Blog Post

What is a SOIRA Order and Can I Terminate it Early?

1.     What is SOIRA and a SOIRA order?

SOIRA is an acronym standing for Sexual Offender Information Registry Act. This federal statute is responsible for the obligations that go along with a SOIRA order. As the name implies, SOIRA is concerned with the registration of individuals convicted of sexual offences in a national database.

The intended purpose of SOIRA is to assist police services across Canada in the prevention and investigation of sexual offences. In effect, a SOIRA order requires individuals convicted of select offences to report at a police station or RCMP detachment, placing them on a national database of individuals who have been convicted of the same select offences.

If you’re subject to a SOIRA order, you’ll be happy to hear that only the RCMP and police services can access the national database. In the United States, the sex offender registry is publicly available leading to the misconception that the same is true in Canada.

While SOIRA is concerned with the obligations of registered individuals and the administration of the national database, the Criminal Code of Canada is responsible for the mechanism leading to a SOIRA order. Specifically, section 490.011 of the Code sets out which offences can lead to a SOIRA order and section 490.012 sets out how a SOIRA order can be made.

The list of offences for which a conviction can lead to a SOIRA order is extensive but includes, by way of example, the following offences:

  • sexual assault
  • incest
  • child pornography
  • sexual offences against a child
  • sex trafficking

Before 2011, a SOIRA order was not guaranteed after a conviction of the aforementioned sexual offences. Due to amendments in 2011, a SOIRA order is now a mandatory consequence of being convicted of a sexual offence.

2.     What are the obligations imposed by a SOIRA order?

In Alberta, a person subject to a SOIRA order must report in-person at the appropriate location: the police station, RCMP detachment, or aboriginal police service headquarters that is nearest to their primary residence.

When a SOIRA order is made, the affected person must report with seven days of it being made. Subsequently, the person must report every year after for the duration of the order. Additionally, if the person moves, changes their legal name, or receives either a driver’s licence or passport, they must report within seven days.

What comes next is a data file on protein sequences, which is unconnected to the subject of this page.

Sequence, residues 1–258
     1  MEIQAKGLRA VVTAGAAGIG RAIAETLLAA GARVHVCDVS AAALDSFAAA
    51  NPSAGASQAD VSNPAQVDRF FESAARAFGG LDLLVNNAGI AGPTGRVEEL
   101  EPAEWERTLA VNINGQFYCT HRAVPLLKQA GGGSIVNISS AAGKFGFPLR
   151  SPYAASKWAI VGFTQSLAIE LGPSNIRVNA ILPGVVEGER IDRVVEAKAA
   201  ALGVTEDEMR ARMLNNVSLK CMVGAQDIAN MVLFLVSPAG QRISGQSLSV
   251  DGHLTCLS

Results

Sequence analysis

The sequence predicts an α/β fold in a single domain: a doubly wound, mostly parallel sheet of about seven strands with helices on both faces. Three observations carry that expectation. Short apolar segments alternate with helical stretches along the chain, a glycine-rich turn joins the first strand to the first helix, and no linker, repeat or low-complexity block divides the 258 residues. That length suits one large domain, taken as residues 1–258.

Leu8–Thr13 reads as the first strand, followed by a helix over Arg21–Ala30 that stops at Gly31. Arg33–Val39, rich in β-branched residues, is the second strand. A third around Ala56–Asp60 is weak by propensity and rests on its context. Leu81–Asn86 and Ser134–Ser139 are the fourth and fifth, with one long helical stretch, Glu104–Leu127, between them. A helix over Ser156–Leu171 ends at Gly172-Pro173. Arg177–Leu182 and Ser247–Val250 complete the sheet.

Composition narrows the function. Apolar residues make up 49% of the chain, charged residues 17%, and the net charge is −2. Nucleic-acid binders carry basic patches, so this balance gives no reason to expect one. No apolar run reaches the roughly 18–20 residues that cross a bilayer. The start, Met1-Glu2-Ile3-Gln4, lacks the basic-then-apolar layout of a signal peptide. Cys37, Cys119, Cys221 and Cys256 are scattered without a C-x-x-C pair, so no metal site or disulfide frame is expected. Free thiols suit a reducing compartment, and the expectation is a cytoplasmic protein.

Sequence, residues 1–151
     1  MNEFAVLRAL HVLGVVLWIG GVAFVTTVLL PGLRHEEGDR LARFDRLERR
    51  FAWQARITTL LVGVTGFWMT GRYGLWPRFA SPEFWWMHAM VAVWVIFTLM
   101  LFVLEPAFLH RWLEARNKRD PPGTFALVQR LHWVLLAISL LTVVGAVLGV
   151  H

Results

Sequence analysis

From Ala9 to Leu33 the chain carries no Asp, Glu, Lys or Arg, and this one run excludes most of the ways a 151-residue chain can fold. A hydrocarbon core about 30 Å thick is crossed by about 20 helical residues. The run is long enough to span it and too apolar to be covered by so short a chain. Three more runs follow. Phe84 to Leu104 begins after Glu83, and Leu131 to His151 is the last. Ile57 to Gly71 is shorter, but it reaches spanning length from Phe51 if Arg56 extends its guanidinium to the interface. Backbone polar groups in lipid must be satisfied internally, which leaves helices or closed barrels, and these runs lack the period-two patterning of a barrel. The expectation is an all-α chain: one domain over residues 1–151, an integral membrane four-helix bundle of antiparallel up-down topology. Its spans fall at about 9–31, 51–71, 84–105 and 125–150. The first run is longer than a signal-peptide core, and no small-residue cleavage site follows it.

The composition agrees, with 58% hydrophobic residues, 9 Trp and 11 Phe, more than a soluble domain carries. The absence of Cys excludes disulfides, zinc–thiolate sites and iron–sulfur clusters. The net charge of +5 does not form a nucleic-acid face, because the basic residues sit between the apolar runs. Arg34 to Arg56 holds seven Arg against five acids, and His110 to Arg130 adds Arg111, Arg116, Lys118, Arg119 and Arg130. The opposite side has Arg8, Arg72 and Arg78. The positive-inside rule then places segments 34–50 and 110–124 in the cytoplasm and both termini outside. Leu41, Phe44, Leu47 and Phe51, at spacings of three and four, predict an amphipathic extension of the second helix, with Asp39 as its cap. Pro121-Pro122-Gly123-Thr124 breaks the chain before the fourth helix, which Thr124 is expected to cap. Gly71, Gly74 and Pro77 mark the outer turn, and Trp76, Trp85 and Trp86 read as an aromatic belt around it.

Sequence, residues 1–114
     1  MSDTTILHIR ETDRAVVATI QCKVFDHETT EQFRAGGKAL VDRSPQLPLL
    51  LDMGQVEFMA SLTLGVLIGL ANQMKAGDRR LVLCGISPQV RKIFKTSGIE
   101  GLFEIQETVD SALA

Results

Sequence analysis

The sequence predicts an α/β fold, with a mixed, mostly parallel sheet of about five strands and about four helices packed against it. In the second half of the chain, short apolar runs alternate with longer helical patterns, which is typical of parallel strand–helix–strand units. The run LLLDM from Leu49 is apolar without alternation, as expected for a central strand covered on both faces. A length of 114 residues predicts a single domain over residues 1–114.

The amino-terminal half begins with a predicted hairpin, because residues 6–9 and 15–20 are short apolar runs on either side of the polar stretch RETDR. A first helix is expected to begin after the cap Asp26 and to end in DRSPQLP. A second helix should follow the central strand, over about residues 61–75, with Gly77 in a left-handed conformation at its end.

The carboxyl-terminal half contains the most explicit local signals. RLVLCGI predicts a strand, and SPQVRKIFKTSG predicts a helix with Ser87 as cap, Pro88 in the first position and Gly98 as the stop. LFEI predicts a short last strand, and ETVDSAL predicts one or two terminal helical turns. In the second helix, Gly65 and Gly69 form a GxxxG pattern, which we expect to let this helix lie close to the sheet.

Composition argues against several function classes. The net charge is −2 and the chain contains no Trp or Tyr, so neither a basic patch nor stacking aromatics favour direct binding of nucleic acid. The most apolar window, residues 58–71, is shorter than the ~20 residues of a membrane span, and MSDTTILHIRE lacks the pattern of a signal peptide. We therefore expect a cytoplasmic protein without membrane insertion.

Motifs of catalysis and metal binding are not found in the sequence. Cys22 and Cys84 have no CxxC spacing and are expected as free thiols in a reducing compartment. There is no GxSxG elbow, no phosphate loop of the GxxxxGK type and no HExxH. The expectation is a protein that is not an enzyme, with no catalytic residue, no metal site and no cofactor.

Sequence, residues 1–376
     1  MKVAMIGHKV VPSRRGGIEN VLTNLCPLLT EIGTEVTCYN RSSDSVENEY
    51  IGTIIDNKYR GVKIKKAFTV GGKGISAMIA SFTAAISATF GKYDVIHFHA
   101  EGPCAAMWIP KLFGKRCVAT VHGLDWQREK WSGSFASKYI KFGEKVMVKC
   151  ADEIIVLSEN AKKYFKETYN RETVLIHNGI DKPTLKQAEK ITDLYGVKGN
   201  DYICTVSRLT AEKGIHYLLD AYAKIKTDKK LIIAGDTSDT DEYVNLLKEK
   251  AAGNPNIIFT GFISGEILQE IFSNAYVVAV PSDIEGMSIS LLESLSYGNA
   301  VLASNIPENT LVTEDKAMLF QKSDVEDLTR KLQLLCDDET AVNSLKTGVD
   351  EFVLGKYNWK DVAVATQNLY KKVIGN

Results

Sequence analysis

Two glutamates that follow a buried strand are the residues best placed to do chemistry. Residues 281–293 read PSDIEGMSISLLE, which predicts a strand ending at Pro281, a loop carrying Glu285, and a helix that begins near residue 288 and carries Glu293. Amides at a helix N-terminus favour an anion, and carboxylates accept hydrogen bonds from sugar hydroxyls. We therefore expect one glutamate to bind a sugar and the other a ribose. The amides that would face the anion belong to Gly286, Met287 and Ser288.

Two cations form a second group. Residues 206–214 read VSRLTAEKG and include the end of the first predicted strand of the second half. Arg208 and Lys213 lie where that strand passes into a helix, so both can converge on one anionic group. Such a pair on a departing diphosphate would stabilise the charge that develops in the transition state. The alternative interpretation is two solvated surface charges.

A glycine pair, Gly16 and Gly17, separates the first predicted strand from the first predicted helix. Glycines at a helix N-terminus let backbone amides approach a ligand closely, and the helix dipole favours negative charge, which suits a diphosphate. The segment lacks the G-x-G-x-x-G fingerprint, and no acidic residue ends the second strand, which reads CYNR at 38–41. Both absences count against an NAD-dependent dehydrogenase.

When reporting, the person must provide their name and any alias they use, their date of birth, gender, phone number, their address(es), their place of employment (if any), their place of education (if any), and other personal details.

3.     How long is a SOIRA order?

The duration of a SOIRA order depends on the offence for which the person was convicted. nevertheless, the duration is of a SOIRA order is always one of the following:

  • 10 years;
  • 20 years; or
  • Lifetime

4.     Can I end my SOIRA order early?

We understand that a SOIRA order can be cumbersome and seriously effect your livelihood. For those subject to a SOIRA order, the good news is that the order can be terminated early. The bad news is that there are several caveats to this.

Like all things law-related, terminating a SOIRA order is more complicated than it may first appear to be. The following are just some of the considerations that can hinder one’s ability to have a SOIRA order terminated.

First, a SOIRA order can only be terminated after the first half of its duration has lapsed or, in the case of a lifetime SOIRA order, after 20 years. In other words, if you’re subject to a 10 year SOIRA order, you must wait five years and, if you’re subject to a 20 year SOIRA order, you must wait 10 years.

Second, the SOIRA order can only be terminated after a successful application heard in court. If the SOIRA order was made by a justice of the Court of Queen’s Bench, then the application to terminate the order must also be made in the Court of Queen’s Bench. If the SOIRA order was made in provincial court then the application may also be heard in provincial court.

Third, and finally, an applicant seeking to have their SOIRA order terminated must demonstrate that the order’s impact on their privacy and freedom exceeds the public’s interest in preventing and investigating sexual offences. This is a difficult threshold to meet and we recommend that you retain a criminal defence lawyer that can assist you with proving in court the impact that a SOIRA order has had on you.

At Muenz Criminal Law, we would be happy to answer any questions you have regarding SOIRA orders. Contact us here for a free consultation

Written by Thomas Scholten